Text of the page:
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IRS Outlines Tax Relief for Individual, Business Travel Disrupted by COVID-19

IRS Outlines Tax Relief for Individual, Business Travel Disrupted by COVID-19

The Internal Revenue Service yesterday published a release outlining tax-relief measures that the agency is taking for individuals and businesses whose tax residency could be affected by coronavirus-related travel restrictions. This announcement is the agency’s latest effort to provide clarity on tax policy during the COVID-19 crisis.   

How does Rev. Proc. 2020-20 affect the section 7701(b)(3) “substantial presence test?”

Individuals who are kept in the country for “up to 60 consecutive calendar days” as a result of COVID-19 travel restrictions will not have that time “counted for purposes of determining U.S. tax residency and for purposes of determining whether an individual qualifies for tax treaty benefits for income from personal services performed in the United States.”

How does Rev. Proc. 2020-27 affect section 911(d)(1) eligibility?

Those trying to exclude foreign-earned income from gross are also granted a grace period. Specifically, “exclusions … under I.R.C. section 911 will not be impacted as a result of days spent away from a foreign country due to the COVID-19 emergency based on certain departure dates [and locations]:”

  • December 1, 2019 – July 15, 2020 for those coming from most regions of China (Hong Kong and Macau are excluded)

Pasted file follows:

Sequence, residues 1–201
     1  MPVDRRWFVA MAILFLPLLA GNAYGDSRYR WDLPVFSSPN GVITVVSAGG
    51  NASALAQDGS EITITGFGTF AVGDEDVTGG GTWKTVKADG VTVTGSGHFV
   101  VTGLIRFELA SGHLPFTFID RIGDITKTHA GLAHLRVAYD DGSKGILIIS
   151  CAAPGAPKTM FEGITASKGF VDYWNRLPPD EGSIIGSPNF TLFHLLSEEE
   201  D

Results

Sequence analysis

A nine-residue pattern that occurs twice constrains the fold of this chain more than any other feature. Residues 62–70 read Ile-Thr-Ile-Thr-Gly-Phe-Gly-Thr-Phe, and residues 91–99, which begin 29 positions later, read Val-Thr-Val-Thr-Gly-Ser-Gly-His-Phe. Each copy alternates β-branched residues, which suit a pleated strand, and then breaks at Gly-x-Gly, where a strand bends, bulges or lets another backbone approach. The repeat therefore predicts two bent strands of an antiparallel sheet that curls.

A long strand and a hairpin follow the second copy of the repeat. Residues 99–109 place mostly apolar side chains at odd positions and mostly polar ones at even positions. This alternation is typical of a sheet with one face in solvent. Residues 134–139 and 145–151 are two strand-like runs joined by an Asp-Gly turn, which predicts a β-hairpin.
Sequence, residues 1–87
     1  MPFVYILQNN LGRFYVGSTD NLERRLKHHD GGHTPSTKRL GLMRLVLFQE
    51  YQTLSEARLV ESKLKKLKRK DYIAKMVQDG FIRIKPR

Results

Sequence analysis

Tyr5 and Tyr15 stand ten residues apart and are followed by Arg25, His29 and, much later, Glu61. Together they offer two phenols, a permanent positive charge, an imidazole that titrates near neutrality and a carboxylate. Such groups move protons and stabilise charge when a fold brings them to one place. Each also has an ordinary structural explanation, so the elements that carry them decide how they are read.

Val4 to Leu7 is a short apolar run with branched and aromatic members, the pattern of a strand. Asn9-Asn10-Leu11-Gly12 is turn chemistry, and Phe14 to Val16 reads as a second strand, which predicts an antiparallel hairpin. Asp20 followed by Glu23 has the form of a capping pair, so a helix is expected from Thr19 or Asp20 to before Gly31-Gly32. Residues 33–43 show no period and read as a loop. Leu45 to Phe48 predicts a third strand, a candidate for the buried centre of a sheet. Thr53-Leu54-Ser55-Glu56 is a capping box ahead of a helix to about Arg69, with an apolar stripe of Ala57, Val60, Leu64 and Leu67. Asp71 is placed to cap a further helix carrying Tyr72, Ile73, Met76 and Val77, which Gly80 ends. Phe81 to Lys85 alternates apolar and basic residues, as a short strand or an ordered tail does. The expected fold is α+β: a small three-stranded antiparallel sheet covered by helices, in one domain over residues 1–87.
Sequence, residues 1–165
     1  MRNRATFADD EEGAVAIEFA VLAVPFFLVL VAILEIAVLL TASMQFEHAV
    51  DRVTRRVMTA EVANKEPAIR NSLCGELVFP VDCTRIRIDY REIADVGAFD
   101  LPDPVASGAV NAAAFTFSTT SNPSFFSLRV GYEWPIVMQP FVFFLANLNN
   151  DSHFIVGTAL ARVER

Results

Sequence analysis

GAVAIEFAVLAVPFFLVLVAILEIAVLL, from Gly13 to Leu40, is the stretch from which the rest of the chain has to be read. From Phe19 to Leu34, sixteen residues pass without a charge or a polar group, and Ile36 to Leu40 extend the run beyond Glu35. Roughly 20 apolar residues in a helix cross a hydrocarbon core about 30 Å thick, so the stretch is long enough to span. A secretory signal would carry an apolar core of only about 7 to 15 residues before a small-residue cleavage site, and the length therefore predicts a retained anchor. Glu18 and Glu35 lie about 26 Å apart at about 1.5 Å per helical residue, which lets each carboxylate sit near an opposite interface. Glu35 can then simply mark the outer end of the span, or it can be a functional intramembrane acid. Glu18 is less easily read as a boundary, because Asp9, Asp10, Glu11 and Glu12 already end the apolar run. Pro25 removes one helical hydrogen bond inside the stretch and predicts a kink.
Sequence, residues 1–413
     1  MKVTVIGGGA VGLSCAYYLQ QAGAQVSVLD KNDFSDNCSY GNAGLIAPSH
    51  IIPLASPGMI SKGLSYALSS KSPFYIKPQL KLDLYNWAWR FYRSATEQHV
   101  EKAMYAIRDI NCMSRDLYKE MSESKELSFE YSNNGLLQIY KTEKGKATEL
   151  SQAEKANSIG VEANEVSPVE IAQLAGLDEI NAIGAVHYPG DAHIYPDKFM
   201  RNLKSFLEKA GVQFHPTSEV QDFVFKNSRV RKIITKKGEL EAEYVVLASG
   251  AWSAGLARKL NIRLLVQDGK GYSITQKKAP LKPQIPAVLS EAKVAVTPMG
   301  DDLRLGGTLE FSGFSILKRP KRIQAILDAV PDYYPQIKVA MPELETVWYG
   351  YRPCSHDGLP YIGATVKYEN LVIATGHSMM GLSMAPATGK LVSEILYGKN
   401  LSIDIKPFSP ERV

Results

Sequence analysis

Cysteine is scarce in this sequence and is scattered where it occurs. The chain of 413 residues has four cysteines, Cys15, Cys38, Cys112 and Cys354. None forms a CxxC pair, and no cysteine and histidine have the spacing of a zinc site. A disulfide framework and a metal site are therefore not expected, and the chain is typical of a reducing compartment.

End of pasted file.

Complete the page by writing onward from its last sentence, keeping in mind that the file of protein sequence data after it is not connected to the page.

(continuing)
• February 1, 2020 – July 15, 2020 for those coming from any other foreign country

The IRS notes that they could extend this relief period, so affected individuals should continue to monitor IRS releases alongside other COVID-19 announcements.

How does this tax relief affect U.S. trade or business and U.S. permanent establishment determinations?

Finally, the IRS says that the FAQ “provides that certain U.S. business activities conducted by a nonresident alien or foreign corporation will not be counted for up to 60 consecutive calendar days in determining whether the individual or entity is engaged in a U.S. trade or business or has a U.S. permanent establishment.” According to the release, this guidance only applies if they worked in the U.S. because travel restrictions kept them from leaving the country.

For more information, read the source documents on IRS.gov:

Source: IR-2020-77

Ryan Norton

Whether designing superheroes, penciling caricatures, or just doodling, I always knew I was going to earn some sort of art degree while in college. That was my goal before I decided to trade Edgar Degas for Edgar Allan Poe during a Freshman English class. The BA in English soon morphed into a double-major in English and Philosophy, eventually becoming an MA in English. It only makes sense that I learned of a writing opportunity for a local marketing firm while teaching a first-year college English course. Before I knew it, I was writing and editing tax-related articles for Taxing Subjects, and this has been my home since 2014.